The NeoCons: What Were They Thinking?
Remind me now — in what look and feel like the ruins of our excellent Iraq adventure: who were those Neo-Cons, and what in the world were they thinking?
On Emerson’s advice that “there is properly no history; only biography,” we are taking a very personal tour of the subject with George Packer, who has covered the war in the field and in the think tanks for The New Yorker. Once upon a time he was a half-way enthusiast. At the start of the US invasion of Iraq, Packer put himself, as he writes, among the “ambivalently prowar liberals.” But reading his book, The Assassins’ Gate, you sense he smelled something fishy from the beginning. And he kept careful notes, all the while, on the bullies and the naifs that were maneuvering the American government into a magic kingdom of illusion. That’s who we’re talking about tonight, also with Steve Walt of the Kennedy School and Gary Rosen of Commentary magazine.
George Packer is more than just a book writer for me. He’s not quite a close friend but he’s a searcher I’ve known and admired for a decade or so, from his African memoir The Village of Waiting to his Cambridge novel, Central Square. Strange as it sounds, I’ve worried about George Packer’s heart and soul in every piece of his journalism–every flirtation, as it seemed to me, with the illusion of war. It may be important to say also that George Packer begins and end his new book on Iraq in conversation with our mutual friend, the passionate and charismatic Iraqi democrat, Kanan Makiya, who gave us an unforgettable hour on the radio last June. Makiya was the first definitive chronicler of Saddam Hussein’s evil–in The Republic of Fear (1989), which I read when it was new. Makiya went on to become an ardent cheerleader for the US invasion in 2003. No one forecast a brighter Iraqi shower of candy and flowers for the GIs than Kanan Makiya did. He wrote that he heard “church bells” when the bombs burst on Saddam’s Baghdad.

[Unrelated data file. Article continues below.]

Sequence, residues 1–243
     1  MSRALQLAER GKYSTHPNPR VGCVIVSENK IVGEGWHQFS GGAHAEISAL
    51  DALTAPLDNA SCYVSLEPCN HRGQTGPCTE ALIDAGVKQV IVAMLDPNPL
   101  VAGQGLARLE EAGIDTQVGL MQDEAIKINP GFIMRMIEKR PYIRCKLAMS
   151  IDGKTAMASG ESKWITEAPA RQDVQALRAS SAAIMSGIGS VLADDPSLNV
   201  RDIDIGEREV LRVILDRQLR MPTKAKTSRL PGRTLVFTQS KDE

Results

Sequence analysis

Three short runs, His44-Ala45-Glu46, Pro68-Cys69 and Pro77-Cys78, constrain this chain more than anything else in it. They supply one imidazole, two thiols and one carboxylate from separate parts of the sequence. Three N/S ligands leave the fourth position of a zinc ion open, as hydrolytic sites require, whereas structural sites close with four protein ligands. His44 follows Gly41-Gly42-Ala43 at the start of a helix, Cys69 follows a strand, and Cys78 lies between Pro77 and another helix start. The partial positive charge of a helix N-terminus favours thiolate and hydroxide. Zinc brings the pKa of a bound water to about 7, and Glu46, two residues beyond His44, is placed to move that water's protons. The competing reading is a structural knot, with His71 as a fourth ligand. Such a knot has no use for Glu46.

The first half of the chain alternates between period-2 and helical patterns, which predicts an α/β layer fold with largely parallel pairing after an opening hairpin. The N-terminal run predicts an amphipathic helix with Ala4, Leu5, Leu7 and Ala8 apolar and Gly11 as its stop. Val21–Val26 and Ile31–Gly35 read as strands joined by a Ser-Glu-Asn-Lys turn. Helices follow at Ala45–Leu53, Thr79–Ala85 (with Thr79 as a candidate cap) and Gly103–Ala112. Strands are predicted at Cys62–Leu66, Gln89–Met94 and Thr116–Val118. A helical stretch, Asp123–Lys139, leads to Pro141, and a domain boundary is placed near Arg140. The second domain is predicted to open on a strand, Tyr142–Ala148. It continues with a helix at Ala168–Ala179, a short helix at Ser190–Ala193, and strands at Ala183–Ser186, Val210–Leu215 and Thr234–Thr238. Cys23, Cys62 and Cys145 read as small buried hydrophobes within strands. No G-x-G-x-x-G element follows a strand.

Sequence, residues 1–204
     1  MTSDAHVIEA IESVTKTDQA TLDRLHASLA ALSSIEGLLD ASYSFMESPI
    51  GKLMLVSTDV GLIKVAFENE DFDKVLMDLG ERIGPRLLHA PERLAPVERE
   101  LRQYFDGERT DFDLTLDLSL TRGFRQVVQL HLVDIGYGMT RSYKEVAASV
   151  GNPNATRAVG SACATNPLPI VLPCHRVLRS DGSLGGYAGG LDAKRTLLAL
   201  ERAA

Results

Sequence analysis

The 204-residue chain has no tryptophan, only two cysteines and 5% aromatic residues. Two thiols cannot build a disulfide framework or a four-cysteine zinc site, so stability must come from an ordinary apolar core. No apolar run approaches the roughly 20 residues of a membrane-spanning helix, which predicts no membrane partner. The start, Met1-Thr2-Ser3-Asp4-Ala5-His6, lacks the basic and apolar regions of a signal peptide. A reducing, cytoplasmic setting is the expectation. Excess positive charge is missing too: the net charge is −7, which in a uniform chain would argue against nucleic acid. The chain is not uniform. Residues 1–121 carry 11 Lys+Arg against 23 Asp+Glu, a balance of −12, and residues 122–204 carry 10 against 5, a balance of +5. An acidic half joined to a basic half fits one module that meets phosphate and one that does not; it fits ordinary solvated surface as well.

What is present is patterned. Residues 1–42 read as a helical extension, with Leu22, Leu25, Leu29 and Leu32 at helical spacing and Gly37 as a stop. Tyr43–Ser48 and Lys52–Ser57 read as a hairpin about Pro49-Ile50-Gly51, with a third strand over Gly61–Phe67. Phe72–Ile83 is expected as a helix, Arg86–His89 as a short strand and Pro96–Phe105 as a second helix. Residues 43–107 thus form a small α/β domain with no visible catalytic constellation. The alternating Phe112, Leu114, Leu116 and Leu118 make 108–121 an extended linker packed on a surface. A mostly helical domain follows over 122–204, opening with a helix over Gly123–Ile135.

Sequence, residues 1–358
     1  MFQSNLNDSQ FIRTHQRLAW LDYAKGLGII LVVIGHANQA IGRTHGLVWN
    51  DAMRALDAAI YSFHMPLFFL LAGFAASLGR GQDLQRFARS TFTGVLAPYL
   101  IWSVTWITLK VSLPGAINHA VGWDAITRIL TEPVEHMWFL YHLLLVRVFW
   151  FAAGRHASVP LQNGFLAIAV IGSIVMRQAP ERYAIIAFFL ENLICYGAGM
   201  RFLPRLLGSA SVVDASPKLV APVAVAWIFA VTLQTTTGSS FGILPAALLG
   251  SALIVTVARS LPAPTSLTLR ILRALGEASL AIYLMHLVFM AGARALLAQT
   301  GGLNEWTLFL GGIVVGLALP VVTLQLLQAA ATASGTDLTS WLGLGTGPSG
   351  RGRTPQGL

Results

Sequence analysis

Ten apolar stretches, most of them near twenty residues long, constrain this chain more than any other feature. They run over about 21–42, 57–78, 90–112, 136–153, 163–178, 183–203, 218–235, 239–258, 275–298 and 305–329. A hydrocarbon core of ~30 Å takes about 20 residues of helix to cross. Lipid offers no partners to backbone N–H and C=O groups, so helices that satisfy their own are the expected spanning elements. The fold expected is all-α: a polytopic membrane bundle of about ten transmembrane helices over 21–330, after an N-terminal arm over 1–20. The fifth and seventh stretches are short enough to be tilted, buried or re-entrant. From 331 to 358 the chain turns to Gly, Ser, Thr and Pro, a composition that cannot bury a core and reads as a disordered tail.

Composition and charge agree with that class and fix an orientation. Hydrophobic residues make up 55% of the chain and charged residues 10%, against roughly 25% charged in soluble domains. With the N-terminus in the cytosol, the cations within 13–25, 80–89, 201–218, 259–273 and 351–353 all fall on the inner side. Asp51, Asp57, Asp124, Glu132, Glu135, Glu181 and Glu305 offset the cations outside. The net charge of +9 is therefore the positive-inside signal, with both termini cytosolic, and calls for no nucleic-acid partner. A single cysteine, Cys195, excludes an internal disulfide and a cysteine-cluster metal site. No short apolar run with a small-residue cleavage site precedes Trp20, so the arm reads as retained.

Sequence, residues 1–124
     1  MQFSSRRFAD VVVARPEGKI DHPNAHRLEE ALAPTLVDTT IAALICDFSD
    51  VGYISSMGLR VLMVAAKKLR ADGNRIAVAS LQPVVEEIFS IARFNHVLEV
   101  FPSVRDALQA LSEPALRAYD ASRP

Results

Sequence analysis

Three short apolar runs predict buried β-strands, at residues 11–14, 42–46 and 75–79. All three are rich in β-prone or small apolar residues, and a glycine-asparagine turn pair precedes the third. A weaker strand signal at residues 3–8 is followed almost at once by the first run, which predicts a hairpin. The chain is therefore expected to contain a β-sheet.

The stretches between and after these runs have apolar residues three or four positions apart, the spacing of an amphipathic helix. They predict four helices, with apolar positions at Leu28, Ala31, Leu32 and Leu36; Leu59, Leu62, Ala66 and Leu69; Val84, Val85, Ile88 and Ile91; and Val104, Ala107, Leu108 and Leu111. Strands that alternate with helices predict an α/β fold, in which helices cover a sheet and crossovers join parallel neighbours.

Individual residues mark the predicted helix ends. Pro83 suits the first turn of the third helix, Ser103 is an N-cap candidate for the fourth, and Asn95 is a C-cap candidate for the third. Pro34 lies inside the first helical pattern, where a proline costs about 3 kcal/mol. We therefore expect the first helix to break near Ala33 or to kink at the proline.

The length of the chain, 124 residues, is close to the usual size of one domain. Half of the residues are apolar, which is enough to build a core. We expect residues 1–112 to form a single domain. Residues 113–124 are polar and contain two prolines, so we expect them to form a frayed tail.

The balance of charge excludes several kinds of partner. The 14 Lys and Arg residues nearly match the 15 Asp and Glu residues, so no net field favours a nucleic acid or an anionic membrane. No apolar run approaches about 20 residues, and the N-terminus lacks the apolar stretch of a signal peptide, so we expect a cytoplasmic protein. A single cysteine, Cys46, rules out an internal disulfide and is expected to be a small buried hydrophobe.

So whose idea was it that the United States could deliver democracy on the wings of bombers? How did it become a gesture of idealism to try it? Even now, have we seen through the idea. Who has a better one?
Staff writer at the New Yorker magazine. Author, most recently, of The Assassins’ Gate: America in Iraq.
Professor of international relations and academic dean at Harvard University’s Kennedy School of Government. Author of Taming American Power: The Global Response to U.S. Primacy.
Just recommended on the show, Leo Strauss’s Natural Right and History